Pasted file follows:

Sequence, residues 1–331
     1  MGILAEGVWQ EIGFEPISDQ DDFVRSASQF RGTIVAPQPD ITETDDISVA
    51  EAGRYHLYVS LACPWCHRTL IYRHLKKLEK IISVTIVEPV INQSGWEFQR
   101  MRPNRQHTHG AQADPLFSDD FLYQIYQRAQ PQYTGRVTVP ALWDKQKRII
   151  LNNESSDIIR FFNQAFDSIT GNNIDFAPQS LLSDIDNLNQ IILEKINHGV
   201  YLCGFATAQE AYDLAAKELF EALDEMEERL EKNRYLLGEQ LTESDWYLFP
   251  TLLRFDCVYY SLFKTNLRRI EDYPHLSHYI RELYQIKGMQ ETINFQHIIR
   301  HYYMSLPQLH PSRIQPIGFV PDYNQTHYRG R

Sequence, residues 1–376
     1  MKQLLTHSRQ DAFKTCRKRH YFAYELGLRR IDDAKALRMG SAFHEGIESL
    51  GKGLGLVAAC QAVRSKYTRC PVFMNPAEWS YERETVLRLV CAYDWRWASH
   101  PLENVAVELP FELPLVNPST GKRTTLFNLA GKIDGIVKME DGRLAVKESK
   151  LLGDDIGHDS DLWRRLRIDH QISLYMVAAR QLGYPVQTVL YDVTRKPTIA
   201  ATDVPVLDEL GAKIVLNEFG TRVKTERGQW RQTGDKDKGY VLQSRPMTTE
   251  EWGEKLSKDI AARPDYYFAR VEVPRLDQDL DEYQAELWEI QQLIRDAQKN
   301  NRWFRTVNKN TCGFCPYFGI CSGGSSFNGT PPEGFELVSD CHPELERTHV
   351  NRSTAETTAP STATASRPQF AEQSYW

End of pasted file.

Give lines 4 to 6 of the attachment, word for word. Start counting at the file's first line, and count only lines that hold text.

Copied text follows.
   101  MRPNRQHTHG AQADPLFSDD FLYQIYQRAQ PQYTGRVTVP ALWDKQKRII
   151  LNNESSDIIR FFNQAFDSIT GNNIDFAPQS LLSDIDNLNQ IILEKINHGV
   201  YLCGFATAQE AYDLAAKELF EALDEMEERL EKNRYLLGEQ LTESDWYLFP